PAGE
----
Gilead, Nineveh, Damascus, Beersheba, Galilee. The place names of the Bible echo back to Sunday-school childhood and thousands of years before that—names forged out of the mysterious encounter of human and divine.
Isaiah features the crowning biblical place name, Jerusalem, and its renaming, a sign of God’s special devotion to it no matter how traumatic the moment.
I visited Jerusalem years ago. Often it was hard to sense the blessing that is celebrated in Isaiah. What was evident was the menacing tension among the world faiths that compete for it. The jostle of the crowds added to the jitteriness. The Church of the Holy Sepulchre with its dark corridors felt disorienting too.
Then, near sundown on a Friday, a different mood descended. The Jewish Sabbath was arriving. The pinks of dusk reflecting on buildings, the unblinking windless sky, the sudden quiet—everything pointed to an implausible cessation of troubles. The Lord’s day was taking center stage once again.
“You shall be a crown of beauty in the hand of the LORD,” says Isaiah, and at such moments biblical truth stands right in front of you.
Jerusalem remains at the center of a religious cold war. The political future, as always, is unclear. What doesn’t change is the power evoked by these place names on the biblical map and the Power behind them. God stays involved in human affairs—sometimes naming world-historical cities, other times meeting the human heart in small, steady, weekday ways. Bethlehem, Nazareth, Calvary, Emmaus, Jerusalem . . . names that set destinies in motion and are motioning toward us.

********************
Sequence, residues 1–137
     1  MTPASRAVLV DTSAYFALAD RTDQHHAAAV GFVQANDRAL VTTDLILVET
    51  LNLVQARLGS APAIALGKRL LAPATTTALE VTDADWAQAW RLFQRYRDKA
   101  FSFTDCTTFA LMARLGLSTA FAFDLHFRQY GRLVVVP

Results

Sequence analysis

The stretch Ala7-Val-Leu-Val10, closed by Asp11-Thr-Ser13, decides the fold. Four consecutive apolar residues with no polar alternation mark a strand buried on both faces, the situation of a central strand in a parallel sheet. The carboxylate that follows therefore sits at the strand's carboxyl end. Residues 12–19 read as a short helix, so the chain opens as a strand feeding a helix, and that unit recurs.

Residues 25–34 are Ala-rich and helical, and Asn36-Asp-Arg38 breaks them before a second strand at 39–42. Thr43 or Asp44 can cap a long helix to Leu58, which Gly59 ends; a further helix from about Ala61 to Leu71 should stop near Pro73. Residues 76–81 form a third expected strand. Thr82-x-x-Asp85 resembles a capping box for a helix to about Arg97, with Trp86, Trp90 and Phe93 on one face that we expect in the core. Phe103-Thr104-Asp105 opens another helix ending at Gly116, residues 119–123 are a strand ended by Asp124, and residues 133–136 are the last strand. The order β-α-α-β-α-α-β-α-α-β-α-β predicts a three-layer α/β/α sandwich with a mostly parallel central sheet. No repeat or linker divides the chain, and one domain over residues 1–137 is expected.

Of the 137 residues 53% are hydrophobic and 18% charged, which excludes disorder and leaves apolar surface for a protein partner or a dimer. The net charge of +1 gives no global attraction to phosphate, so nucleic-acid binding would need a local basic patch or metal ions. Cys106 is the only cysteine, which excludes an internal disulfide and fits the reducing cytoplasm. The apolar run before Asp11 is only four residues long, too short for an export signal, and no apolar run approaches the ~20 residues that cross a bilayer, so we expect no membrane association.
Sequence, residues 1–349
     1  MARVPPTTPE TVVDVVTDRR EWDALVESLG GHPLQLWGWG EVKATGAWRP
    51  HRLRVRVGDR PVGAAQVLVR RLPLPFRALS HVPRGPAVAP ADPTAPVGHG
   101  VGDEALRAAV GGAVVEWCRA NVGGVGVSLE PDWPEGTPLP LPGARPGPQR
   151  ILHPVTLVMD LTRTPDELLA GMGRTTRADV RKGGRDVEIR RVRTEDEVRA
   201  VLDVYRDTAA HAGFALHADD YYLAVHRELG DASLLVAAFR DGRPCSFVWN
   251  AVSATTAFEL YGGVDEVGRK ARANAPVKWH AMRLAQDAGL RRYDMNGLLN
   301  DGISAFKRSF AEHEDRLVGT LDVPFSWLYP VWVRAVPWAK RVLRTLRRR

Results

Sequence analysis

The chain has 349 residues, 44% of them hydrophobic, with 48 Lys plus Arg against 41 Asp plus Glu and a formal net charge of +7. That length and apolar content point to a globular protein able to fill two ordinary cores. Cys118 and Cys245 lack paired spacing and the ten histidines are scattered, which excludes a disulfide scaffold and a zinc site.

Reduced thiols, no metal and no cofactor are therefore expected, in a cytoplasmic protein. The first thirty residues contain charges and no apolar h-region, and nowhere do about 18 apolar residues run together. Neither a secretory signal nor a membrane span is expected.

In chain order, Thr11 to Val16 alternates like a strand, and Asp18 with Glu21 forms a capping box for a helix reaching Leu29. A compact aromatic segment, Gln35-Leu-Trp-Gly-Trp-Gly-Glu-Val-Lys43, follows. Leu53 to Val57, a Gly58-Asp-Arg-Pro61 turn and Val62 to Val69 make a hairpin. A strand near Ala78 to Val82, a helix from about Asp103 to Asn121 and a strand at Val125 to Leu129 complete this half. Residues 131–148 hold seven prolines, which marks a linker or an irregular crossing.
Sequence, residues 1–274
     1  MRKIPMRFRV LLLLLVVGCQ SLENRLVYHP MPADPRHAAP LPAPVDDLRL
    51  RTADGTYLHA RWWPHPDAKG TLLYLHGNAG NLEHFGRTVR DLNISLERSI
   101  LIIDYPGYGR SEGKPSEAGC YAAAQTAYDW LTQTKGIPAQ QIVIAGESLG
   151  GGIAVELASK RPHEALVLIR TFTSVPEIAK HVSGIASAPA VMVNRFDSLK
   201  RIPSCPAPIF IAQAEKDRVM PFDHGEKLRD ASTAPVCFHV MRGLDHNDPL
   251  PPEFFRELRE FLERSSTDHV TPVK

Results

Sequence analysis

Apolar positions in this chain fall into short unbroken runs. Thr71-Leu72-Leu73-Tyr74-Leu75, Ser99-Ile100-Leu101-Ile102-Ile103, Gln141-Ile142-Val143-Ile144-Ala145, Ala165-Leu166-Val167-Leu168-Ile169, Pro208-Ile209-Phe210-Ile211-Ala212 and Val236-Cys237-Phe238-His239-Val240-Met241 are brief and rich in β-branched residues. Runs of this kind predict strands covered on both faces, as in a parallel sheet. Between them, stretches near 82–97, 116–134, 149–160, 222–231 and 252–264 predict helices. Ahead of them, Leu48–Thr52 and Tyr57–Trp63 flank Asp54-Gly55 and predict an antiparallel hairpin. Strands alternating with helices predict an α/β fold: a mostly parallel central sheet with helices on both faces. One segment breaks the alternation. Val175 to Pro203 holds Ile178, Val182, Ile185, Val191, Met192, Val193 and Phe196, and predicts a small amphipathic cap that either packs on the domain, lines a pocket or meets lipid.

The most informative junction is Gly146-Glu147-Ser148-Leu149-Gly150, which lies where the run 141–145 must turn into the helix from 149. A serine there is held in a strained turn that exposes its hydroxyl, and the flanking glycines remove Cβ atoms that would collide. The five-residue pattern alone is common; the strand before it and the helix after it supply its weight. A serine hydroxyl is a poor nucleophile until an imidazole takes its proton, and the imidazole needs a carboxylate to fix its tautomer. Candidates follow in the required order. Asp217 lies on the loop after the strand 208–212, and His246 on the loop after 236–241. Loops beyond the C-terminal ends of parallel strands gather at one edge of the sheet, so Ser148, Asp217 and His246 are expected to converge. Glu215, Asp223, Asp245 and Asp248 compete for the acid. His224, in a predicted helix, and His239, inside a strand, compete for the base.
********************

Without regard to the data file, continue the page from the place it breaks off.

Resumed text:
Eternal Spirit, thank you for the renewal and astonishment we find in the Bible, in the witnesses who encountered you there, in the towns and cities where your name was first heard and raised up. Keep us open to scripture’s power each day. Amen.
Popular conceptions of God sometimes mislead us. Messages coming even from within Christianity sometimes make us think that God is constantly angry, just waiting for us to slip up. This week’s readings remind us of the truth. Isaiah teaches us that God delights in God’s people just as a groom delights in his bride. This love, the psalmist proclaims, is steadfast and never-ending. The life of Jesus shows us that God even wants us to have a good time in this life. Jesus chooses a wedding as the place to perform his first sign. He multiplies the wine in order to multiply the enjoyment of the guests. Paul in First Corinthians speaks of spiritual gifts. These gifts are all given by God for the good of the entire community.
Read Isaiah 62:1-5. Recall a time when you have flourished and a time when your life was far from peace and order. How did you feel God’s delight in each situation?
Read Psalm 36:5-10. When have you felt God’s light or taken refuge in the shadow of God’s wings?
Read 1 Corinthians 12:1-11. How can you use your God-given gifts to complement others’ and to support the common good?
Read John 2:1-11. How do Jesus’ miracles help you to understand his identity as the Son of God?
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